Apply silk to the bottom of the wing first.
wings may require separate pieces of silk on each half of the wing
instead of a single piece. If that's the case then the silk should
overlap at the center of the wing by approximately one inch.
If the wing has several degrees of dihedral then you may be able to
silk the bottom with one piece. The top may require two pieces.
Be sure to cut the silk with the grain correctly aligned.
Silk has very subtle finished edges. The weave of the silk should
run with finished edges parallel to the span.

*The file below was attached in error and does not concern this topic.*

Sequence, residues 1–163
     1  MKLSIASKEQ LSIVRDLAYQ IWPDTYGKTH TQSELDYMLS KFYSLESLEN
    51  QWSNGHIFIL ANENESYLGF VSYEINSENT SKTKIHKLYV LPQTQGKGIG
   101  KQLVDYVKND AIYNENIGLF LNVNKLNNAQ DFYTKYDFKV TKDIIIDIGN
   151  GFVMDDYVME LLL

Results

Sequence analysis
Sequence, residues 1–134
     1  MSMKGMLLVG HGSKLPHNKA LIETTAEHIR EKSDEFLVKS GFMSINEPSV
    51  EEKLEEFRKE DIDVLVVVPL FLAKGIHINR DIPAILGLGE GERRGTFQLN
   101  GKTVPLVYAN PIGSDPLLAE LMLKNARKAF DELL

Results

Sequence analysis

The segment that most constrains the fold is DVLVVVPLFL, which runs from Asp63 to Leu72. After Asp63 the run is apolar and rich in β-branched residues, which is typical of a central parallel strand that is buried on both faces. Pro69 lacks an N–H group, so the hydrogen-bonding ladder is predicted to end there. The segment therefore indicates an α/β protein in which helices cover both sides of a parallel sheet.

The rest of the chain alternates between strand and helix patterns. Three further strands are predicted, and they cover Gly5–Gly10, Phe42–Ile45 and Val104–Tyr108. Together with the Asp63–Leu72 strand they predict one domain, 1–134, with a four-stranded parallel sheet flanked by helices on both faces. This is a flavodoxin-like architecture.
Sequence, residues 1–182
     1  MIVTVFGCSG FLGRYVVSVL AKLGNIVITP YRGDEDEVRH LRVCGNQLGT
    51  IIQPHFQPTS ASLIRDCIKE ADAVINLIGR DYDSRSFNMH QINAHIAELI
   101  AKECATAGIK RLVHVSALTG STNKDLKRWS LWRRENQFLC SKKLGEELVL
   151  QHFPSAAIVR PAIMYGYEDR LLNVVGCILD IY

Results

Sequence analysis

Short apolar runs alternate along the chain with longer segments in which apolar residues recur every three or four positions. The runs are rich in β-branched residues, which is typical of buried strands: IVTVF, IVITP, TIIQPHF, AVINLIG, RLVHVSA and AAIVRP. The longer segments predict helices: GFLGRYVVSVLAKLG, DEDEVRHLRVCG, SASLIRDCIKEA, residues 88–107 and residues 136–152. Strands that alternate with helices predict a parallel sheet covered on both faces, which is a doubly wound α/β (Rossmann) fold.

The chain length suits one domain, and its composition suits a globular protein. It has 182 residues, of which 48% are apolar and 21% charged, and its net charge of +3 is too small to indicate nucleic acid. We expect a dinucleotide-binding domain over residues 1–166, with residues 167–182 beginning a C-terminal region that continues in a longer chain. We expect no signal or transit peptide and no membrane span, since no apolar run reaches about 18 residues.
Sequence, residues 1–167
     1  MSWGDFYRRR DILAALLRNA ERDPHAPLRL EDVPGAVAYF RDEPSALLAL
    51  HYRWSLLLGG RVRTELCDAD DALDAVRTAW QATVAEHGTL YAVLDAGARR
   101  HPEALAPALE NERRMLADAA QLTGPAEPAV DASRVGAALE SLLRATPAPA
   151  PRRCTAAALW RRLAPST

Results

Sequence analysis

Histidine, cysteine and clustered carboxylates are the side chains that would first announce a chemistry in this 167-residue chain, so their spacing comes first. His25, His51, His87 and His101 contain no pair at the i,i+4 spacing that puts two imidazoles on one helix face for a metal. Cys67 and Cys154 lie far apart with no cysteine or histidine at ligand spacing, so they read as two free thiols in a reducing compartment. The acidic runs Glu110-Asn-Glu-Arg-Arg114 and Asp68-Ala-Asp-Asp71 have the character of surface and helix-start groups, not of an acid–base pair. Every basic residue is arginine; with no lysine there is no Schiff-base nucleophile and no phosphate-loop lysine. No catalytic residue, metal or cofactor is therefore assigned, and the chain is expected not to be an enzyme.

Cut the silk
about 3" longer than the span and chord. That gives you 1-1/2" all
the way around to work. When the silk is wet you will have even
more to work with because the silk will stretch quite a bit.
Take the time to align the silk so the weave isn't skewed to the
wing. The weave is very visible in the finished product.
The silk won't stay in place when it's dry but do take the time to
stretch it out as much as possible. Don't worry that it pulls back
to its center.